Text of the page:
The MRI results came back on Tuesday. Apparently, my problem is very unusual – which is not something one wants to hear as a patient. The orthopedist thought it was most likely a chronic bone infection, but could also be a cancerous lesion. A bone biopsy was performed today. Results should be back next week — which will hopefully provide a definitive diagnosis, and determine the next steps. In the meantime, I am on crutches, and not very mobile. Finishing my bike trip is on hold for now. It is very disappointing, to say the least!
This is yet another lesson in dealing with whatever comes your way. Life has a way of doing that. I have learned that you just can’t predict what’s next. I will keep you informed when the bike adventures resume.
Thanks to all of you who have been following my journey, and encouraging me along the way. You have inspired me.
I finished up the GAP trail at McKeesport and picked up the Montour Trail (another rail trail). After a short ride, I came upon a nice camping shelter beside a creek. As I rolled up to the campsite, I met a woman named Peggy, walking her dog. She asked me a few questions about my trip including “what do you eat?” I told her that tonight’s dinner was a couple of Middle Eastern salads I had bought at the supermarket. She said goodbye and left. About a half hour later, she returned with hot pasta, brownies, a few energy bars and a Coke, saying “You need a hot meal.” I was moved by this spontaneous act of kindness. There have been others. Like the man Bill and I were talking to in a diner, who left and picked up our tab. Others who have asked if I needed anything, offered directions, recommendations etc. With all the current political divisiveness in our society, it is refreshing to connect with people on a basic level and feel the human spirit.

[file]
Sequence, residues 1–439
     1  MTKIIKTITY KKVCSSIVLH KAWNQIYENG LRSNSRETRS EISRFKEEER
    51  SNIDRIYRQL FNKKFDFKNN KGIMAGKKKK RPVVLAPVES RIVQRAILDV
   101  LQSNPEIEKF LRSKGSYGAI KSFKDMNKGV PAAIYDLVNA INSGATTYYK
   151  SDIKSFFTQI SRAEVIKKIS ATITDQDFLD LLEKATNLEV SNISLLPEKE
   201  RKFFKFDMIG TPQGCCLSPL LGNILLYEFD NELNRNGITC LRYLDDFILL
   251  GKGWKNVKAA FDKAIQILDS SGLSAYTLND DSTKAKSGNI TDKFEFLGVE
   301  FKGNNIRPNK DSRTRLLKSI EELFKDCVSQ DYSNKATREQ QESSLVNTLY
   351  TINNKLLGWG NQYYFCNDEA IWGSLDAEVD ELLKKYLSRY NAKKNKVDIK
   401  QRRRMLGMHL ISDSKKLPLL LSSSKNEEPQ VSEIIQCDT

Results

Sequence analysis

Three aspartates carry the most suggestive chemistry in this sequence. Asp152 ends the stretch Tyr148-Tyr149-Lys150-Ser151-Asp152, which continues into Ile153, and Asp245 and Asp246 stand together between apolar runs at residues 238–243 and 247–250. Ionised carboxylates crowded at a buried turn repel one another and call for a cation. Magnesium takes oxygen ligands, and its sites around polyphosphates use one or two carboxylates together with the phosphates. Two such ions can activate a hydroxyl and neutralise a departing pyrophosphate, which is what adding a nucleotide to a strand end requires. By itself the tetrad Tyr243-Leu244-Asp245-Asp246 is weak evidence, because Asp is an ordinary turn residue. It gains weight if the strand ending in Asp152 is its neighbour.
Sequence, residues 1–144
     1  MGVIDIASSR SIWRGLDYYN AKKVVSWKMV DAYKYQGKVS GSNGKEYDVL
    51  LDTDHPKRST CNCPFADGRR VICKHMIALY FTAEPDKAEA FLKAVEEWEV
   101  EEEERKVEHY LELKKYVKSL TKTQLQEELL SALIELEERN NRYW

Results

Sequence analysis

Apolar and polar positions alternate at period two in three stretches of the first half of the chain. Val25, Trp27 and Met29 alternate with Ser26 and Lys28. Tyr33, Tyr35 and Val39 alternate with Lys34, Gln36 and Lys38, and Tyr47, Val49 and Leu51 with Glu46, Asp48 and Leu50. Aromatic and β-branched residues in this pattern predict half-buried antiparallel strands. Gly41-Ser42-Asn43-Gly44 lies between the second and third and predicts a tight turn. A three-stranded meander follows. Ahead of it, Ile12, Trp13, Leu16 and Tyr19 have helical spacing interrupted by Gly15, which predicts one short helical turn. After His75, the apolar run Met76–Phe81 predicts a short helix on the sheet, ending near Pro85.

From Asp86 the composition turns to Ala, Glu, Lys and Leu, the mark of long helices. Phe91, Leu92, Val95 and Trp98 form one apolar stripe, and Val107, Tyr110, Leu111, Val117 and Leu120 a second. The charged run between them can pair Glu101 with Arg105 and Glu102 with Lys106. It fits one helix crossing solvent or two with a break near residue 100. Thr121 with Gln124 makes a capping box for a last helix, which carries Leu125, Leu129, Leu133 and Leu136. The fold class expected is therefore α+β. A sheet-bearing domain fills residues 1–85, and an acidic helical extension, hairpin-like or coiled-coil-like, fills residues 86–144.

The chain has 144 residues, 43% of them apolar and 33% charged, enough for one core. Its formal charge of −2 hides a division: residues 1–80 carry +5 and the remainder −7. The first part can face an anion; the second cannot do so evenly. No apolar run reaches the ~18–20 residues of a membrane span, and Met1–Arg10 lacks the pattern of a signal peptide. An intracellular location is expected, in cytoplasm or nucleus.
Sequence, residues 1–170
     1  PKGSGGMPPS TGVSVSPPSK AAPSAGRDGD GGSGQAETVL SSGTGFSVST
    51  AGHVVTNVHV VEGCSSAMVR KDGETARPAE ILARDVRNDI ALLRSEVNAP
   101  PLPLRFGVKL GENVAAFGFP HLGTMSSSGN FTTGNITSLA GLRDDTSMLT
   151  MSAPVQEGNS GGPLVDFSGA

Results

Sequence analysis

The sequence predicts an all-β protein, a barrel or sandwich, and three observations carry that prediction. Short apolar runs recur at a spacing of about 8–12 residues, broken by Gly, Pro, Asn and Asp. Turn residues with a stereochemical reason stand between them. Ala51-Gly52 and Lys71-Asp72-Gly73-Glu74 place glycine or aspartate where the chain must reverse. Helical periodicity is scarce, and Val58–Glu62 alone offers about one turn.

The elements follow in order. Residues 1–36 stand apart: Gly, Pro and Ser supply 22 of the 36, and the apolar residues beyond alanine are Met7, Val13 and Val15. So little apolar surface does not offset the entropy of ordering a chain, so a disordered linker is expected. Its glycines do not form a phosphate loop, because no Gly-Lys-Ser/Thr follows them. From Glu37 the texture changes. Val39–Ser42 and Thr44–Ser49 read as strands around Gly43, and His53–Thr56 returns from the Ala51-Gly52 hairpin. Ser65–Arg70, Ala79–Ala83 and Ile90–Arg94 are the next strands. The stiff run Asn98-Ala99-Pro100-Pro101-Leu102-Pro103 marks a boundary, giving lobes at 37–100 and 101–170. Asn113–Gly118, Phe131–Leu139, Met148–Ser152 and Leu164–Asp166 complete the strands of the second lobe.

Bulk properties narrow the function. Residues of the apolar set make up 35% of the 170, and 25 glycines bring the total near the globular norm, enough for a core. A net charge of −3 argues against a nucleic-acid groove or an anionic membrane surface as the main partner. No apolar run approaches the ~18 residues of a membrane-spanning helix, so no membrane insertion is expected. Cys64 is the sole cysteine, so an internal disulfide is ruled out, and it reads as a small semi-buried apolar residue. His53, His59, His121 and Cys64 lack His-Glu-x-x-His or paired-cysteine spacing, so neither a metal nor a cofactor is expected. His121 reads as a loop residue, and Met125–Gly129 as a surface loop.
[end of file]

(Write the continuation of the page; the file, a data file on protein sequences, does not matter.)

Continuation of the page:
I picked up the Panhandle rail trail after Mountour, which took me to West Virginia. After climbing over a steep two mile hill, I was in Steubenville, Ohio, an Industrial town on the Ohio River. With the forecast of heavy thunderstorms and no camping options, I decided to get a motel room. Good move as the storms rolled through.
The rain slowed to a light drizzle by checkout time, so I headed out. The traffic was heavy, until I reached the Jefferson Hills area of Ohio. Yes, it was back to hilly terrain. After riding through the foggy hills, I set up camp at the Sally Buffalo Park outside the town of Cadiz.
As I awoke the next morning I stretched out, as I often do, and felt a dull pain below my right knee. I got out of my tent, and nearly fell down — I found I couldn’t put any weight on my leg! I struggled to walk 15 feet to a nearby picnic bench. As I sat contemplating my fate, the pain increased until I broke out in a sweat. This was not good. I knew I needed to get it checked. A Google search for doctors in Cadiz, OH, came up with two results — one number was disconnected and the other went to a fax.
I called the campground office to see if they had any suggestions. They recommended calling 911. Being out of options, and unable to move, I agreed. Within 5-10 minutes the cavalry showed up — three ambulances and the sheriff. Sarah and Francis, the EMTs, helped me on the gurney while Paul, the campground host, zipped up my tent and took my bike to a secure area. I quickly arrived at the hospital and after some tests, it was determined that there was no blood clot or fracture. They discharged me and called back Sarah and Francis, with their ambulance, to transport me back to the campground for my bike and tent. They packed everything into the ambulance and drove my to a local motel.
I am so grateful for the kindness I received from everyone. My hope is that some rest, ice and a dose of good fortune will have me back on the road soon.